# gnuplot ignores second branch in multi-branch fitting

I want to do a multi-branch fit with gnuplot. I defined two functions z1(x) and z2(x) and I want that z1(x) is fitted with all data up to line 49 and starting from line 50 it should fit to z2(x). This is what I do in the fitting part:

``````z(x,y) = (y < 50) ? z1(x) : z2(x)

fit z(x,y) 'data.txt' using  1:-1:2  via a, b
``````

But gnuplot completly ignores the z2(x) part. I can even comment out the defintion of z2(x), it gives not even an error nor a warning. It never reaches the case where y >= 50, but the data.txt file has 100 lines.

Also, if I plot z1(x) and z2(x) afterwards, they are just constant zero (z1 = z2 = 0), but the fit parameters a and b are roughly (not fully, because 2nd branch is ignored) in the right order.

Am I doing something wrong here? Is there a good example somehwere (the official gnuplot fit demo didn't help)?

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I think you probably want `using 1:(\$0):2`, but I'm not completely sure (pseudo-column `0` should be the line number. `help datafile using pseudo-column` (although, a quick look there makes me think that maybe -1 would be Ok)... –  mgilson Sep 29 '12 at 15:11
I tried that but it did not change anything... –  Foo Bar Sep 30 '12 at 15:21
'd suggest first eliminate the fit and manually specify a=,b= and see if you get the sort of plot you expect. Its hard to see what going on without knowing what your functions are.. (presumably a and b appear in both? ) –  george Sep 30 '12 at 16:35
yes, a and b appear in both. The functions are of type z1(x) = (a+b)x + z10 and z2(x) = (a-b)x + z20 –  Foo Bar Sep 30 '12 at 17:38
From the v4 manual: To fit a function with two independent variables, z=f(x,y), the required format is using with four items, x:y:z:s. The complete format must be given — no default columns are assumed for a missing token. Weights for each data point are evaluated from ’s’ as above. If error estimates are not available, a constant value can be specified as a constant expression (see plot datafile using (p. 43)), e.g., using 1:2:3:(1). –  george Oct 2 '12 at 17:21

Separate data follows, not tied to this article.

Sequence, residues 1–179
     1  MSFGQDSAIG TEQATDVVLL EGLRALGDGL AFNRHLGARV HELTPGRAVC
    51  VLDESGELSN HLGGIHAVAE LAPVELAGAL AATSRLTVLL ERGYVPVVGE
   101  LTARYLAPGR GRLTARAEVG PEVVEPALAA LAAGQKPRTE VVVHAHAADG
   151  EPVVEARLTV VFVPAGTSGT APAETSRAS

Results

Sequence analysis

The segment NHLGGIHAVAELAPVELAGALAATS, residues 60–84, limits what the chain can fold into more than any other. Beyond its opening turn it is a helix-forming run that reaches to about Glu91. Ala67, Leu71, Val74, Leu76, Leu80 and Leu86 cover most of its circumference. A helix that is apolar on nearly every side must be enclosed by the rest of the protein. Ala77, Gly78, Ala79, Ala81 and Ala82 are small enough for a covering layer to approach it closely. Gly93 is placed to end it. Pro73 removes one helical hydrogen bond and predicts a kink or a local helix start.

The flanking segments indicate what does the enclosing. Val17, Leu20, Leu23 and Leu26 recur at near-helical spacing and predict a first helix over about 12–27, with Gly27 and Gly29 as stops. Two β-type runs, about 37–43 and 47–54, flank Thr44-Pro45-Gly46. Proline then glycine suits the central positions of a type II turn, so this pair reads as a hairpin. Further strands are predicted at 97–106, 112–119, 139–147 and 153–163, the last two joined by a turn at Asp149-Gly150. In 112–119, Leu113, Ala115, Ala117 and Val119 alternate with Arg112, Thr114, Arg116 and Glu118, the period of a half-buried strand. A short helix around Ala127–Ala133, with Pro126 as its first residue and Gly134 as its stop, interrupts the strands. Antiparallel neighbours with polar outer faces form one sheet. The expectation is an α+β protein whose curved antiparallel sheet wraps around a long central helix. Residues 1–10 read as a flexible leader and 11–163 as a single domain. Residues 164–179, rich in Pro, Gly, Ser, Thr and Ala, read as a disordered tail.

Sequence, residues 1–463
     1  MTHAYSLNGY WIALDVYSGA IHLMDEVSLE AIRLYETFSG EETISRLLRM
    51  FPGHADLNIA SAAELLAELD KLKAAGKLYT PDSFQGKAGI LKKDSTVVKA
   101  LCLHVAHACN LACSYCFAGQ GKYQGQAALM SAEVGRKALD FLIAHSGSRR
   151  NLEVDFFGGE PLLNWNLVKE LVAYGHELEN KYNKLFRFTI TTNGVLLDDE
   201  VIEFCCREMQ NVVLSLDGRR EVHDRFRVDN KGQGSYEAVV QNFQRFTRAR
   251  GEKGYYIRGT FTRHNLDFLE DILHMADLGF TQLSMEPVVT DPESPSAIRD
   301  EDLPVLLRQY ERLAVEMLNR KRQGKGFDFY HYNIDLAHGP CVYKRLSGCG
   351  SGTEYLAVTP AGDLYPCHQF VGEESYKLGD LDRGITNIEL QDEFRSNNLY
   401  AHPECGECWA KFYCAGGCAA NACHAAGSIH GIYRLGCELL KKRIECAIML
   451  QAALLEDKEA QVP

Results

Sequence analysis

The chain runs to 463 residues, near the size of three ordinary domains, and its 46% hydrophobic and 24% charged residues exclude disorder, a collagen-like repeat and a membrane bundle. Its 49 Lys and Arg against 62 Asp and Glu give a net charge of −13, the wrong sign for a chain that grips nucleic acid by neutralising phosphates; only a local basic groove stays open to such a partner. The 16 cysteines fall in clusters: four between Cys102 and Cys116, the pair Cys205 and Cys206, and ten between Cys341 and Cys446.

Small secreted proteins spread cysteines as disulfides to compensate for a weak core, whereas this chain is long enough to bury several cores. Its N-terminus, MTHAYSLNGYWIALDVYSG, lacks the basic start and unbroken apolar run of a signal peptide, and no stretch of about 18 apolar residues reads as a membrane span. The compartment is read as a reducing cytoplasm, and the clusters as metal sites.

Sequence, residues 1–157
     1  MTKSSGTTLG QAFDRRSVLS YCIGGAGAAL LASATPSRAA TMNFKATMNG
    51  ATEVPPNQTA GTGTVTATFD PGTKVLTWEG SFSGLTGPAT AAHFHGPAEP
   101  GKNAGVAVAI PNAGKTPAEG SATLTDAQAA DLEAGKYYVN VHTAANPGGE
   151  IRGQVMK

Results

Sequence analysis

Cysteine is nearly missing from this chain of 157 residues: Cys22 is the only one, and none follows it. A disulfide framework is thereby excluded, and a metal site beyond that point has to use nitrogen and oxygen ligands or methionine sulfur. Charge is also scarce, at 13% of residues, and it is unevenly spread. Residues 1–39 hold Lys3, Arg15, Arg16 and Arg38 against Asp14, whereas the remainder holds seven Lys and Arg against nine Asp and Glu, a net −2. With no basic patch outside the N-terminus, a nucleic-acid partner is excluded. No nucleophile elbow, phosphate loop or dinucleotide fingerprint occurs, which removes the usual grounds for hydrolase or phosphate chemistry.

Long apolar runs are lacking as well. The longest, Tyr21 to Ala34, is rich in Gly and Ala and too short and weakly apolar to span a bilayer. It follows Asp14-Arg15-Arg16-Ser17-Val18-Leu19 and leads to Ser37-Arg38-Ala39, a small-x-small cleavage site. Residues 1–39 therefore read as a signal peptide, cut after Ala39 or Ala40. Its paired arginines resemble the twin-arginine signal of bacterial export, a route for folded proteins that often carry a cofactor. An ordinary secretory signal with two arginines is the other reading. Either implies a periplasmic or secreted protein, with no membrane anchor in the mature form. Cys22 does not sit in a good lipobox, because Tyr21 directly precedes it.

Provided that your line number in the 'data.txt' file is the `x` variable for your function `z(x)`, you can make it simpler (this is necessary for this to work, actually!!!). Your function `z(x,y)` is in reality just single variable function `z(x)` defined separately on two intervals. I re-created your problem with a sample data file, where the ranges for `z1(x)` and `z2(x)` break at the 10th point of my data file (you want 49 or 50 there).

The following code does what you want; defines the function `z(x)` differently for the first 10 data points and the rest (this is where the `x` HAS to be equal to line number),

``````z1(x) = a*x + b
a = 1.2
b = 1.2
z2(x) = a + b
z(x) = x < 10 ? z1(x) : z2(x)
``````

then fit the data file using the data point line number (`column(0)`) as x and the value on the respective line (`1`) as y, varying parameters `a` and `b`

`````` fit z(x) 'data.txt' using (column(0)):1 via a,b
``````

and plot to see how we do

`````` plot 'data.txt' using (column(0)):1, z(x)
``````

If this doesn't work, you may look into the `index` option for plotting data files. This would require separating the data ranges (first 50 points) in your data file by one blank line (or two, can't remember) and modify the script accordingly.

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